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Shareholder Resolutions Push Pfizer, Moderna, and Johnson & Johnson to Address COVID Vaccine Inequality


Oxfam America called on large pharmaceutical corporations to share the technology behind their COVID-19 vaccines so that everyone, everywhere has access to these life-saving shots.

In unprecedented shareholder resolutions filed today, Oxfam called on Pfizer and Moderna to study the feasibility of transferring vaccine technology and know-how so that production can urgently ramp up around the world. These proposals are part of a large coalitional effort led by investor network Interfaith Center on Corporate Responsibility (ICCR) and filed alongside investor allies like Mercy Investments and Trinity Health, underscoring the deep concern many investors feel about the financial devastation that inequitable distribution will wreak.

“It’s clear that Pfizer and Moderna cannot supply enough vaccines to make sure everyone on the planet has access, so they must figure out a way to share the technology and know-how,” said Robbie Silverman, Oxfam America’s Senior Manager for Private Sector Engagement. “Pfizer’s and Moderna’s inability to produce enough vaccines threatens global public health and the world economy—as long-term investors, we urge these companies to take immediate action to save lives and end the pandemic once and for all.”

In a separate resolution filed with Johnson and Johnson, Oxfam seeks transparency on how the company determines pricing for its COVID vaccines in light of the billions of public funding from US taxpayers the company received. Oxfam filed a similar resolution with Johnson and Johnson that received 32% of the vote on last year’s proxy ballot.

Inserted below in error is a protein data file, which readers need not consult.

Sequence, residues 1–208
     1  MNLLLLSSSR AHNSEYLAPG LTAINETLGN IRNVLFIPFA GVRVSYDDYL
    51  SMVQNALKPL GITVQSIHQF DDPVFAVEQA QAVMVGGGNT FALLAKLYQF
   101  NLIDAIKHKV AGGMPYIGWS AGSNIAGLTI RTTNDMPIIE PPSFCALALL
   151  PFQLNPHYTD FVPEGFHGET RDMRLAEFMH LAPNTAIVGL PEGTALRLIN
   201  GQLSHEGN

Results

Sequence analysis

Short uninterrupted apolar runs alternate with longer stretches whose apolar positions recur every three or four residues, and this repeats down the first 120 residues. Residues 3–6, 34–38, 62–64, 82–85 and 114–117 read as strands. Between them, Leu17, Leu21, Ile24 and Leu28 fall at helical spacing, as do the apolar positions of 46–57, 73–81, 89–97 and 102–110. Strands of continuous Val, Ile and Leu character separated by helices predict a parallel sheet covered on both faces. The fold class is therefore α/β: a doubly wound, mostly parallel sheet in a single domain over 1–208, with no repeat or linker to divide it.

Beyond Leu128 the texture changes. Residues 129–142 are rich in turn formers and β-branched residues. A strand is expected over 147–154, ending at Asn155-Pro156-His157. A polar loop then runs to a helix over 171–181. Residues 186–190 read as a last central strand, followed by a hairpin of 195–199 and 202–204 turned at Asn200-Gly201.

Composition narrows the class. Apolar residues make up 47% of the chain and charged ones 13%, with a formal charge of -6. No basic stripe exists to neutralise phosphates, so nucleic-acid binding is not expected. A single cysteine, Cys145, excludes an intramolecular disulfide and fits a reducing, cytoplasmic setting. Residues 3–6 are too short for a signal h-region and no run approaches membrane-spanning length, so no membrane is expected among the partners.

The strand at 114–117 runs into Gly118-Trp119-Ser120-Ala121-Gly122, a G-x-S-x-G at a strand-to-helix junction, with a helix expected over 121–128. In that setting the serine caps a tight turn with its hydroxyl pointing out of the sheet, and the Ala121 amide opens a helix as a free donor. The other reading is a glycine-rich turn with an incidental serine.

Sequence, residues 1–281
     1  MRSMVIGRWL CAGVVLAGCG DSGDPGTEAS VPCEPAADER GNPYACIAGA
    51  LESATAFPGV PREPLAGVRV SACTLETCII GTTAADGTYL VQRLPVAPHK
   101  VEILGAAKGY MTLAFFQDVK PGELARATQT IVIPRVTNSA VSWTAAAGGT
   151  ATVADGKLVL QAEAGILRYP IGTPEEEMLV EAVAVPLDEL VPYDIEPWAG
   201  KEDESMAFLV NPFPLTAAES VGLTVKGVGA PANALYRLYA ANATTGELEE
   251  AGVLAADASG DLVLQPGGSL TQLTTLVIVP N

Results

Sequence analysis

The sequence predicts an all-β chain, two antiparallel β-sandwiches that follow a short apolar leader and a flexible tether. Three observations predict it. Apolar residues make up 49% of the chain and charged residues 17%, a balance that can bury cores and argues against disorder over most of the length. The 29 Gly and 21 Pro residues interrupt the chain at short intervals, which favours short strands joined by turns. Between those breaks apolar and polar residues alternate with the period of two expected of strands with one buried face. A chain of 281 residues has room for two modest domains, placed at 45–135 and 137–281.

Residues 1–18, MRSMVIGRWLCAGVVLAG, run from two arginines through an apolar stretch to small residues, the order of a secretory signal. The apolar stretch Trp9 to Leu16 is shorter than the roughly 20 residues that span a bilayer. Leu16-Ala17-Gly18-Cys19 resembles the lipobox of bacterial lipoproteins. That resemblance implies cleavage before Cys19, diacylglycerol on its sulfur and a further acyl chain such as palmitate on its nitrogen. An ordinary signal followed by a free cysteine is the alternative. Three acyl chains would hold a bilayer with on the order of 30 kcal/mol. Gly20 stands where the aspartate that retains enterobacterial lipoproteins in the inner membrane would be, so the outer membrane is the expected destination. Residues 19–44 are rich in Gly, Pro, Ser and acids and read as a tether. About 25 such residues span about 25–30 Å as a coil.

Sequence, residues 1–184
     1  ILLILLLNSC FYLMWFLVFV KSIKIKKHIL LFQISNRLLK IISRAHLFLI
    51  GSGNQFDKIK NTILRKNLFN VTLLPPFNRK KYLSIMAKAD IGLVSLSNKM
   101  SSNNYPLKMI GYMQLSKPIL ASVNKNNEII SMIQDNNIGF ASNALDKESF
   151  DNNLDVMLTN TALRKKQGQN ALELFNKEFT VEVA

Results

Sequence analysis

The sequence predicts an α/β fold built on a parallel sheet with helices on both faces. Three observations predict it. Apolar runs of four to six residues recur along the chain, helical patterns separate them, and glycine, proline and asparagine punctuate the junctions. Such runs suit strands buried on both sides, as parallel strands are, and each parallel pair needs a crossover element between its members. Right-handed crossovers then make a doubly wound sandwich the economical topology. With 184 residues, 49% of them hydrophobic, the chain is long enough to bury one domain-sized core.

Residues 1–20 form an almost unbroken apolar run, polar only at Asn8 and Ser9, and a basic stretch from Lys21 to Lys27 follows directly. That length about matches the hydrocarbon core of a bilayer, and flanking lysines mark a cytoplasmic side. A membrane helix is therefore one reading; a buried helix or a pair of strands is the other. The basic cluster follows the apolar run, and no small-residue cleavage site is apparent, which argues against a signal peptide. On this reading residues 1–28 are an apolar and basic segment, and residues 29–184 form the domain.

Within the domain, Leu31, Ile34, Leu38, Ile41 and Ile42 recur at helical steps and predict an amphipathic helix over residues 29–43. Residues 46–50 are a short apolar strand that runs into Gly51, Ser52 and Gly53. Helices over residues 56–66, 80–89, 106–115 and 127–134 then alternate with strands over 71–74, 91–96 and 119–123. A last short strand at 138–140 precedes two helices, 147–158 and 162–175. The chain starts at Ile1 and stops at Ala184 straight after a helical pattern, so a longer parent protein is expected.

“Almost two years into the pandemic and these corporations continue to prioritize short-term profit-making while ignoring long-term sustainability and reputational risks,” continued Meg Jones-Monteiro, Program Director for Health Equity at ICCR. “The vaccines are highly effective, but not to the millions who are unlikely to have access to them for not months but years. Now is the time for these corporations to share the technology that will save lives.”

Other investors also plan to file shareholder resolutions calling for greater accountability in the pharmaceutical sector. Mercy Investments has filed a resolution calling on Johnson and Johnson to conduct a racial justice audit of its policies, practices, and products, and other investors are intending to follow suit with a variety of proposals asking COVID-19 vaccine and therapeutics manufacturers to ensure more equitable access.

Recent Oxfam and People’s Vaccine Alliance analyses put the spotlight on the profit- first practice of these corporations, despite the devastating global death toll, which recently reached five million people. Pfizer and Moderna have only delivered a fraction of the doses they have promised to vaccinate the world.

“Continued vaccine inequality will not only cause more deaths and suffering around the world, it will also devastate to our global economy, possibly to the tune of trillions of dollars,” concluded Silverman. “While a few are profiting handsomely, investors recognize the dangers of vaccine apartheid and are seeking to hold these companies accountable.”

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For more information, contact:

Laura Rusu
Former Associate Director of Media and Public Relations
Washington, DC
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